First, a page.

I wouldn’t say this is a Prince tribute, but between his continuation and reading Frank Ocean’s tribute post on Tumblr, it encouraged me reveal a few passing thoughts. Since Prince unforeseen move, there is a plethora of articles, think-pieces, opinion post about his non-conforming identity as a black male. Frank Ocean alluded to this throughout his entry,”He was a straight black male who played his first televised set with bikini bottoms and knee high heeled boots.” Prince even eased Franks own self awareness when he said, “He made me more comfortable with how I identify sexually.” Now, not to be all in the mix, but we know exactly how that went down when he pulled that New York style butch-queen stunt right before releasing his debut album. Thus, collecting his coin from the gays dashing away into the mysterious leaving his fans and the newly gay fans for dry. Hopefully, Prince didn’t teach him how to Forest Gump…I digress, though. Prince own morals permeated the lives of many in the idea of self expression. However in my coming of age when sexuality and masculinity becomes the point in question out of every pubescent’s mouth, my inner thoughts always asked how can they respect his expression and not mine?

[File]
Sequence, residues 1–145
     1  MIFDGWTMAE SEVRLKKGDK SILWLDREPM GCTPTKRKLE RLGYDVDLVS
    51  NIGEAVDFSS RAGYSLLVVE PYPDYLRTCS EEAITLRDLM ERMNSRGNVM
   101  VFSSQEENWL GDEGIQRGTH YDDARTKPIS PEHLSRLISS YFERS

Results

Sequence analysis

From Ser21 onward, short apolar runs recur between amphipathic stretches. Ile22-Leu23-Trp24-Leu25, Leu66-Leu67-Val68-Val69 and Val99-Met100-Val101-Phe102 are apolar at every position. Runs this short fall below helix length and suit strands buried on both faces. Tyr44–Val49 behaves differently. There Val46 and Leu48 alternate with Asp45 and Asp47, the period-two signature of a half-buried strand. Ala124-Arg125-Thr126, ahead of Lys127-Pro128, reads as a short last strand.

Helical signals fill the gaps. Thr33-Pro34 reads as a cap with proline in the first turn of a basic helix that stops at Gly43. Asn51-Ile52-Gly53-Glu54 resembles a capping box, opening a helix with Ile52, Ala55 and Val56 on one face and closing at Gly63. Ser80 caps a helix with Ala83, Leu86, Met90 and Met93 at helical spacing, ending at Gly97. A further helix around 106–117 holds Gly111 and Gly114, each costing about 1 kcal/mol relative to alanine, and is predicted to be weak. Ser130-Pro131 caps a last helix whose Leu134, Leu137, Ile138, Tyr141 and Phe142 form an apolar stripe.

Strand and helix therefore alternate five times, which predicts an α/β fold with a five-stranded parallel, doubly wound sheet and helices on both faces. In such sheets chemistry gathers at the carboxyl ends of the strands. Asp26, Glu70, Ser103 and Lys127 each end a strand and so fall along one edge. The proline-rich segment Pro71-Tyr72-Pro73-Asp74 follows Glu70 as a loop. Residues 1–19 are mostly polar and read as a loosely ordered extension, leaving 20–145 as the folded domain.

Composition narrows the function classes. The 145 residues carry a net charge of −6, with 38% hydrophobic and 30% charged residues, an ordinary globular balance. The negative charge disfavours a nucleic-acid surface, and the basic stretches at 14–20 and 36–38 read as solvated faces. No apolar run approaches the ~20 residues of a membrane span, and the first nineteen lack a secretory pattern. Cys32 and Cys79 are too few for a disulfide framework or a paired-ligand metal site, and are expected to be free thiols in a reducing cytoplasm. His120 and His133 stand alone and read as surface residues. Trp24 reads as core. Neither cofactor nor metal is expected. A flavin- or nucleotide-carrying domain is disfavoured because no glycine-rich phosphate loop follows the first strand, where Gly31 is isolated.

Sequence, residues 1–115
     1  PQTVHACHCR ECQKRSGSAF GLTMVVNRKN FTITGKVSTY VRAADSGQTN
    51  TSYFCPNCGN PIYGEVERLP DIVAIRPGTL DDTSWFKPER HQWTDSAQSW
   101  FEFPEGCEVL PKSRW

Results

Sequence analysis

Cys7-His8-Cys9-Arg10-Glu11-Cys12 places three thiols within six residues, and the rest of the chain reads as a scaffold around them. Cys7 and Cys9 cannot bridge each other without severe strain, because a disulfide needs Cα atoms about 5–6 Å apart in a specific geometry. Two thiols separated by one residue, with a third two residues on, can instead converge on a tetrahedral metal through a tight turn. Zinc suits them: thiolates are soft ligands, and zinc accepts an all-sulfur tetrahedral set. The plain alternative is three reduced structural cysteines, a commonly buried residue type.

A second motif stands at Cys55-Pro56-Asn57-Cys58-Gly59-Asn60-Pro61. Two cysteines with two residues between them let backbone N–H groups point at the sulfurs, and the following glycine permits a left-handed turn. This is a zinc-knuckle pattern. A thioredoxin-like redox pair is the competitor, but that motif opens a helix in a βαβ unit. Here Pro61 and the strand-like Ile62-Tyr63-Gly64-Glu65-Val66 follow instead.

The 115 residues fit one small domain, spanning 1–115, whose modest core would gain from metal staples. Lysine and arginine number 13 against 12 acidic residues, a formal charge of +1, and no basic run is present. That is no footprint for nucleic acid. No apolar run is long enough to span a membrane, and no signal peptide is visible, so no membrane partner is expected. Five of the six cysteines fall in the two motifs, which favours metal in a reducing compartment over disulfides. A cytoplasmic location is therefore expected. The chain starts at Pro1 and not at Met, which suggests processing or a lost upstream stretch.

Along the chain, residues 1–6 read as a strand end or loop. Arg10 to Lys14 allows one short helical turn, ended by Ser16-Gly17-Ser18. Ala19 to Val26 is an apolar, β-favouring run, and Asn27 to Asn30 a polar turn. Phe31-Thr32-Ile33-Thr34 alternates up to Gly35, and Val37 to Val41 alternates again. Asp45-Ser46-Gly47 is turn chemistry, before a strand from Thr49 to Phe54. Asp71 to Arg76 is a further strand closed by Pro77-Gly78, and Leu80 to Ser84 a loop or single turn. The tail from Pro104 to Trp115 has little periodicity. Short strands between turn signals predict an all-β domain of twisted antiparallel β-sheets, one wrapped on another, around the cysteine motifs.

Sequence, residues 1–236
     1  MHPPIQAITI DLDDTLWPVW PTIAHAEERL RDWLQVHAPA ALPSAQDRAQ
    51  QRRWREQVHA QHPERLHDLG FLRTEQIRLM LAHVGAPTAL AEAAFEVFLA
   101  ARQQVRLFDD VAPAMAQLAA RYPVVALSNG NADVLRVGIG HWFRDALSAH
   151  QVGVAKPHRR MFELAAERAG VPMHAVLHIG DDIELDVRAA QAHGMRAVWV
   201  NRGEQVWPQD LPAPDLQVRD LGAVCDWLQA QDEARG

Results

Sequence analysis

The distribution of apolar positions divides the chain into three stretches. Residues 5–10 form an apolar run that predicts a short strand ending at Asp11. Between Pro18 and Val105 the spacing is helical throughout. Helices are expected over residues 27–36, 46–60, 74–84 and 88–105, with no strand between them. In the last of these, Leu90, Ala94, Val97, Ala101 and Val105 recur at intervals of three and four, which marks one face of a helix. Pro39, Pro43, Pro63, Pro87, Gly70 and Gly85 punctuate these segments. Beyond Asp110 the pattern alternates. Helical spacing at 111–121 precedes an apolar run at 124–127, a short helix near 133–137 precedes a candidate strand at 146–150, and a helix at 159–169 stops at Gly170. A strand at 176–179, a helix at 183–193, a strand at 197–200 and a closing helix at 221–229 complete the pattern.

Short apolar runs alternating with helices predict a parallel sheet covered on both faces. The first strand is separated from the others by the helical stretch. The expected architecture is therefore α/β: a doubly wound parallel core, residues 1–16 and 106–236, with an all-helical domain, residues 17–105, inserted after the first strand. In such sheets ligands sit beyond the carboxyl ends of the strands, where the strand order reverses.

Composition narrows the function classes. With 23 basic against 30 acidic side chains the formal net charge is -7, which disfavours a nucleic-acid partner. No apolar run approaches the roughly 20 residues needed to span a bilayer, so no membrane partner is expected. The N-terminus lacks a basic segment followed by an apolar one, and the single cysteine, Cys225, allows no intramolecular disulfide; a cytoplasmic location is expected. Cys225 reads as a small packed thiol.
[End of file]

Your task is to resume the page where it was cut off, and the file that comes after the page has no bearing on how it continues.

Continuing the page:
The high heeled purple spirit in bell bottoms, hip hugging jump suits, and Halle Berry short cuts was not around when I had to prove my manhood. He was before my time musically. The only time I would see him would be flashbacks shown on MTV some random Saturday afternoon. In those moments when he is wearing one his iconic flamboyant attires, I am thirteen trying to put him in a category as many currently did to me. Is he gay? What is he? People are allowing him to do these things? Boys can wear heels, since when? What seems to be homophobic questions from a sassy kid himself, were nothing more than inquisitions trying alleviate the suppression I put on myself. I had to be meticulous in the way that I speak, dress, and act. Picking the tone in my voice and the way my hands move about with my words was a process as delicate as plucking petals. I was poor at suppressing those categories, but in how I dress I had no control over and Prince’s tight assembles were in contrast to the standard black male uniform of oversize everything. I had no celebrity hero that was equally accepted into the straight community and LGBTQ+ community as flagrant as Prince. No safe haven for me to conceal behind or vicariously live through. Either way, people loved him for his mystery while in the same breath try to breakdown what they couldn’t understand in me and people alike, even my mother.